Light up the yakitori grill for food, fun, and friends!
Yakiniku means "grilled meat" in Japanese, and the definition is as broad as you'd expect. It includes beef, chicken, and pork; it can be made indoors or out; on a charcoal grill, a gas grill, an electric grill, or in a pan on a burner on the stove in your kitchen.
When I say "yakiniku" on this site, I mean meats grilled on tabletop grills and cooked with Japanese flavors and/or methods. But I'm not trying to teach you how to recreate an authentic Japanese restaurant experience at home as much as share with you some crowd-pleasing recipes, tips for using your tabletop grill/konro, and inspiring you with some awesome ideas for tabletop cooking parties centered around the grill.
I've noticed that a lot of us English speakers confuse some of the Japanese words for different dishes and styles of cooking. I’ll explain them here, but you don’t need to memorize any of this to make delicious food. I hope knowing what these terms mean will help you find the information and recipes you want.
Yakimono means "grilled things" and includes meats and vegetables cooked on the grill or fried in a pan. It's not very commonly used in English. Confusingly, it can also mean ceramics, as in "fired things."
Yakiniku means grilled meat and includes beef, chicken, pork, and seafood cut and grilled in bite-sized pieces. The definition usually includes all kinds of food grilled on a Japanese barbecue grill or with Japanese glazes and condiments. It's closely related to Korean barbecue; think of it as a kind of Japanese bulgogi. Delicious!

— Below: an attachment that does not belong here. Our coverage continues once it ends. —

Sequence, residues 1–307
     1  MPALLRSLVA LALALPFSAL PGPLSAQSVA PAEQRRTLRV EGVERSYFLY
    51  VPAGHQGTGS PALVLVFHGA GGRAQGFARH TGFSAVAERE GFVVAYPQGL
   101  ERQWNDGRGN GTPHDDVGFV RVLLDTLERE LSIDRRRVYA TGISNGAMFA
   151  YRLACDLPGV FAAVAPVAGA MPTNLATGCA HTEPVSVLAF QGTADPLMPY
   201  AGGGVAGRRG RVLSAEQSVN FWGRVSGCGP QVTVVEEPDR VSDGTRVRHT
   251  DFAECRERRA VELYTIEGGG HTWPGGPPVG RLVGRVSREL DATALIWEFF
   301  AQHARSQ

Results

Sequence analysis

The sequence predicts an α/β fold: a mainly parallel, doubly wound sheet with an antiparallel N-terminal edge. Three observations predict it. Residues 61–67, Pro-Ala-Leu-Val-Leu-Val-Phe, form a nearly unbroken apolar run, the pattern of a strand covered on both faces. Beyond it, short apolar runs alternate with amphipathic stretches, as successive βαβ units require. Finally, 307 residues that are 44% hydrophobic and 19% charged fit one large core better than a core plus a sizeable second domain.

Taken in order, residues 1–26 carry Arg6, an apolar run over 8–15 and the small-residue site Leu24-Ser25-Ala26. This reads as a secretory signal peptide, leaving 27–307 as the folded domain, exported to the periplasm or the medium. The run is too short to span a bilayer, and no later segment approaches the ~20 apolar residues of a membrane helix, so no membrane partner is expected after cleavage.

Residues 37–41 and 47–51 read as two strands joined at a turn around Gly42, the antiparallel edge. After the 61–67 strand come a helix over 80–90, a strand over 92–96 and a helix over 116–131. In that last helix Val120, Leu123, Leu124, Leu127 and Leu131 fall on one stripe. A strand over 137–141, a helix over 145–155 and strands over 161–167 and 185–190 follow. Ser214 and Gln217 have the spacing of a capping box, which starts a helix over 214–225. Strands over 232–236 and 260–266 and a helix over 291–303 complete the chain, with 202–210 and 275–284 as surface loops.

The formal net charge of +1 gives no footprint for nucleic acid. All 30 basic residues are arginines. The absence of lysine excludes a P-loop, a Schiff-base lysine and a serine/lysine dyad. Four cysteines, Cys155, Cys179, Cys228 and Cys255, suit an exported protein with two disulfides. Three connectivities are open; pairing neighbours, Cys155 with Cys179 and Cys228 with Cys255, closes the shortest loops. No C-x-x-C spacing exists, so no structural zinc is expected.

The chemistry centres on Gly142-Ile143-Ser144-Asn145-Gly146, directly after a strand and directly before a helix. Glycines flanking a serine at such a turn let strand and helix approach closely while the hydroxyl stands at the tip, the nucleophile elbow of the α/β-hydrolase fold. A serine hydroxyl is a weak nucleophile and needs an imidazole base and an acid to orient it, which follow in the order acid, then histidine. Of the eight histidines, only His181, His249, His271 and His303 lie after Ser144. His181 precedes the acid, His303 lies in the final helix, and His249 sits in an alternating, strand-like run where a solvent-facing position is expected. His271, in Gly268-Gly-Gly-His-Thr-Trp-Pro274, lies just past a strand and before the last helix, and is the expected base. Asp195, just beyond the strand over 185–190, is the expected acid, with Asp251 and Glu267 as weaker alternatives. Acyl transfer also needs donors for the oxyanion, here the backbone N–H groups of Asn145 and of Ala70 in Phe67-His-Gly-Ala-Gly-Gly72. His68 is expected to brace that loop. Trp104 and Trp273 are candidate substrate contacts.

Yakitori skewers grilling on our little konro
Yakitori specifically means "grilled chicken," but it’s so ubiquitous that many people use "yakitori" for all Japanese barbecue dishes, particularly meat skewers. You and your friends can grill up some skewers on a yakitori grill.
Teppanyaki means "iron-plate grilling." It’s standard fare in Japan and other countries in Asia, the kind of place you'd stop in for lunch or after a night at the bar. In the United States, however, diners expect the chefs to put on an impressive circus act, tossing bits of meat into open mouths from a yard away, building volcanoes out of onion rings, and dipping everything in an addictive mayonnaise-based sauce. You can make teppanyaki at home, without the showmanship, on a tabletop teppanyaki grill or on the cast-iron grilling surface of your raclette grill.
Hibachi actually refers to an old-school heater used in Japan in the days before electricity. Somehow, as Japanese cuisine and cooking appliances gained popularity in the United States a few decades ago, the word was used in English to refer to the large steel grills used in teppanyaki restaurant and the food cooked on those grills, as well as small, portable cast-iron grills like the Lodge hibachi.
At The Tabletop Cook, we're mostly interested in the tabletop grills and recipes for them, so our tips and recipes will refer to cast-iron, clay, electric, and gas tabletop grills. To make matters more confusing, these little grills are actually called konro or shichirin in Japanese.I also bought my clay konro grill on Amazon
Teriyaki means "shiny broiled" in Japanese and refers to the glossy finish on glazed and grilled meats and vegetables. The sheen is produced by the sugary teriyaki sauce, which is really easy to make at home, but can also be found already-made at grocery stores. It's so easy to mix up a batch, brush it on some chicken, and grill up dinner with friends.
Here's my family hamming it up at my request.
Some of my favorite online stores might have just what you need for your next tabletop meal!
Asian Food Grocer has a great selection of essential ingredients and many hard-to-find items.
Cilantro Cook Shop has a great selection of quality raclette and fondue sets.
For The Gourmet has an amazing selection of cheeses and chocolates.
Sephra specializes in chocolate, caramel and fruit fondues... and fountains.